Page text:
‘One is the primacy Camp gives to the news industry in shaping reality. That may be true for a cohort, particularly the politically engaged, but there are tons of people who listen only to talk radio, turn on the news to hear only the weather and sports, or to the extent that they do play an entire program, only half listen/watch. Needless to say, most also filter for content that caters to their priors.’

    There is another factor I think at work here. A lot of us people here are probably newshounds who want to know what is really going on in the world. So we are part of that cohort that Lee Camp talks about. But then there is a secondary effect in this cohort telling other people about what they find who don’t regularly follow the news. An example may be Amfortas who keeps on top of everything and when he goes down to the local feed store, gets people thinking when he lets a few facts slip out. So it is like an overlapping circle of a Venn diagram but one that is hard to measure of course.

  8. JE

    The question in my mind is could we have this societal complexity and technology if we engaged with reality on all these levels? I know that my interaction with such thought has me “opting out” of as much of the current society as practical. How would it look if everyone saw through these layers? Are we seeing the beginnings of that vision in the growing revolt of workers that have traditionally been oppressed to do society’s dirty work? Or will the frame get shifted slightly with a few more baubles for the masses and then back on track, onward to oblivion!? I don’t rightly know but i certainly value this venue for fostering such discussions.

  9. Steve Ruis

    And . . . supporting the corporatocracy is a vast web of economic bullshit. (Read Econned If you don’t believe me.) For example, our Corporate Overlords keep extolling the virtues of free markets when they absolute hate such things. Actual free markets would create a level playing field and those are for chumps. Our Overlords want markets they can manipulate and then dominate, then call them “free.”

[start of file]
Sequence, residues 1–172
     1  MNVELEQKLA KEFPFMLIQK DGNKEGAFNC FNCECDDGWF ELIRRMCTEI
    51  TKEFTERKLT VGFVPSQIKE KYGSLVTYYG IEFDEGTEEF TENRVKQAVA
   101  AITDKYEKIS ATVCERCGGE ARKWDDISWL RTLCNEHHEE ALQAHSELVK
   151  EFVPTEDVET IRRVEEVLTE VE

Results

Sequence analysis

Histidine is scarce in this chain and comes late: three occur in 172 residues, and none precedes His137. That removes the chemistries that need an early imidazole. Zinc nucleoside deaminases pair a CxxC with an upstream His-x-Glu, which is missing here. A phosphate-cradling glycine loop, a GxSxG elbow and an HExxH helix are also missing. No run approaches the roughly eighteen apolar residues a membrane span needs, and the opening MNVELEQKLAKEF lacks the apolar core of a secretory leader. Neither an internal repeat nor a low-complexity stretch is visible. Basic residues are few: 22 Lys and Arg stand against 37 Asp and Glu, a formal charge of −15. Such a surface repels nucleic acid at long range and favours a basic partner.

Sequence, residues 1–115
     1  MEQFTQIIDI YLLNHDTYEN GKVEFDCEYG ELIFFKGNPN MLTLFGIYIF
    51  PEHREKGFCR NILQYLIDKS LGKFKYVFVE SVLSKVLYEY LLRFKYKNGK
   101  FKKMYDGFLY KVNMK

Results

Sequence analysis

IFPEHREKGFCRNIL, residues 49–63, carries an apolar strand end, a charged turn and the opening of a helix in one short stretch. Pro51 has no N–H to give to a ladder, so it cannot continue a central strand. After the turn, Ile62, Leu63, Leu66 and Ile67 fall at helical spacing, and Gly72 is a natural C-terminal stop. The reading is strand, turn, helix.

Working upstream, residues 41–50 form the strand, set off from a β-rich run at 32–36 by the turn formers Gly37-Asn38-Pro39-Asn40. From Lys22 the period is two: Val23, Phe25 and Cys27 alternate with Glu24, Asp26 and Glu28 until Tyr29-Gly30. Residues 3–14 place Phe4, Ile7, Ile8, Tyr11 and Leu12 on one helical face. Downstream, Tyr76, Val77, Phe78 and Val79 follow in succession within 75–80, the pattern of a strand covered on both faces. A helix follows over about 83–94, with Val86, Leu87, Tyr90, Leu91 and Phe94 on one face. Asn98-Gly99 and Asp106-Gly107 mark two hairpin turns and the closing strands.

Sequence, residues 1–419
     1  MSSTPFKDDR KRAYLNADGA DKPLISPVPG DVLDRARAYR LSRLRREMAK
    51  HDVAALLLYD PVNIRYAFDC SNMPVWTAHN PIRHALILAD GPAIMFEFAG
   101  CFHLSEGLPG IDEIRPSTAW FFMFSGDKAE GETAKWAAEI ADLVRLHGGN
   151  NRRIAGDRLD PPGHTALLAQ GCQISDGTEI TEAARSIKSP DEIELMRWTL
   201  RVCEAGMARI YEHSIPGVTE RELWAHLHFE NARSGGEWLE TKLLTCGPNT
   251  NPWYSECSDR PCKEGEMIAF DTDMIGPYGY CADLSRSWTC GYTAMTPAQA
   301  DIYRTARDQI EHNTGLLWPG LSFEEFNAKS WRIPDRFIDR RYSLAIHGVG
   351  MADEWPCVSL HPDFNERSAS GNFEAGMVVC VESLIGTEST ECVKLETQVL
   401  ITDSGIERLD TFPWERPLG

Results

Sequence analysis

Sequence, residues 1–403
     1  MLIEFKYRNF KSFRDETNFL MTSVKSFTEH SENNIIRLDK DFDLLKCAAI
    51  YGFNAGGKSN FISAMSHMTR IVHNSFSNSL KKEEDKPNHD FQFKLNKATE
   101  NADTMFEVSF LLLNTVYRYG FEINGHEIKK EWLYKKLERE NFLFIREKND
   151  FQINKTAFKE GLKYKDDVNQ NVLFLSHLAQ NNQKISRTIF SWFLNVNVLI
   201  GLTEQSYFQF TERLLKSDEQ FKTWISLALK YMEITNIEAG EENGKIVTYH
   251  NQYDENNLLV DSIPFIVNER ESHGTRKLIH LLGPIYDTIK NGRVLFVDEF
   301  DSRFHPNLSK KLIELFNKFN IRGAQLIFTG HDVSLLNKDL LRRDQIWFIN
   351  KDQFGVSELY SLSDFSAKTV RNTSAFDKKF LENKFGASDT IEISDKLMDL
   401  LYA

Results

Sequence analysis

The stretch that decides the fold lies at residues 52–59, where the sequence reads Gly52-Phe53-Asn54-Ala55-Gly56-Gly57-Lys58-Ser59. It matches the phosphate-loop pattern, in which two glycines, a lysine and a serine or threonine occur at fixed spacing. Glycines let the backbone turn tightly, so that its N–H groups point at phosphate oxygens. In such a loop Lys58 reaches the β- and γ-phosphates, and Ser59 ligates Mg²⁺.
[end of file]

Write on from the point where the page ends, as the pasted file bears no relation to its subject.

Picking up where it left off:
The term “unearned income” is no longer in use in economics because the Overlords felt that it hurt their feelings and was bad PR.

    What makes Naked Capitalism so valuable is because it is capable of “calling bullshit” so effectively. And we need more of that.

  10. Daniel LaRusso

    We love superficiality … I’ve seen my sisters Tinder account.

    Although true, I think those questions and topics he mentions are just too “heavy” for most people. We’re in a perfect loop, people working too hard and too long to want to engage their brains, so distract themselves from their pain with a screen. The screen just reinforces the superficiality … bite size info in tweets, swiping based on looks etc.

    1. Peter in Seattle

      Panem et circenses
      → cheap snacks and sports
      → cheap snacks and TV
      → cheap snacks and video games

  11. Jade Bones

    Thought at first this might be along the lines of Donald Hoffman’s perceptual vs quantum/foundational realities, an evolutionary necessity as it were.
    Along those lines, perhaps it is a survival mechanism of sorts to ‘believe’ at level one in order for one to stay sane or socially functional.
    And too, what of the ramping up of the left-right division vs the class division ‘reality’, albeit the whole essay was pointing to the latter, divide and control…

  12. wol

    Thanks so much for this, and NC. I’m not a Buddhist and I cope by daily Zen meditation. It doesn’t make me happier but gives me access to levels.

  13. lance ringquist

    camp has always sounded like a open borders type. that type is about as bad as any free trader is.
    my father in law and parents, all now deceased, came out of the great depression. they read our local papers every day, it was a religion. twice daily in fact.
    it was the minneapolis star tribune, its was called the red star at one time.
    then in the 1990’s in the business section, along came expert economists and columnists extolling the virtues of free trade and comparative advantage.
    i used to hear from my parents and father in law, who writes this stuff, what idiots.
    it over flowed into the editorial section, with the usual clap trap about do not worry about the mounting job losses, manufacturing is low end, we will replace those jobs with high end economy, we will retrain you, let the chinese toil at low paid manufacturing.
    never mind that we made manufacturing pay.
    typical free trader white supremacy crap. ignoring the fact that china had no comparative advantage at the time, only human and environmental degradation. that was pointed out repeatedly in letters to the editors.
    so much for comparative advantage, they just glossed over it with the usual distractions and excuses and absurdities.
    by the late 1990’s i knew no one that got the papers. it got so bad that the papers never came and took their tubes back on the mail boxes.
    today they are so crumbled or sun bleached, that you cannot tell what the original color was.
    today in our local super markets they try to give the papers away, hardly any takers. i tell their reps, do you still have religious free trade nuts on the editorial page and the business section.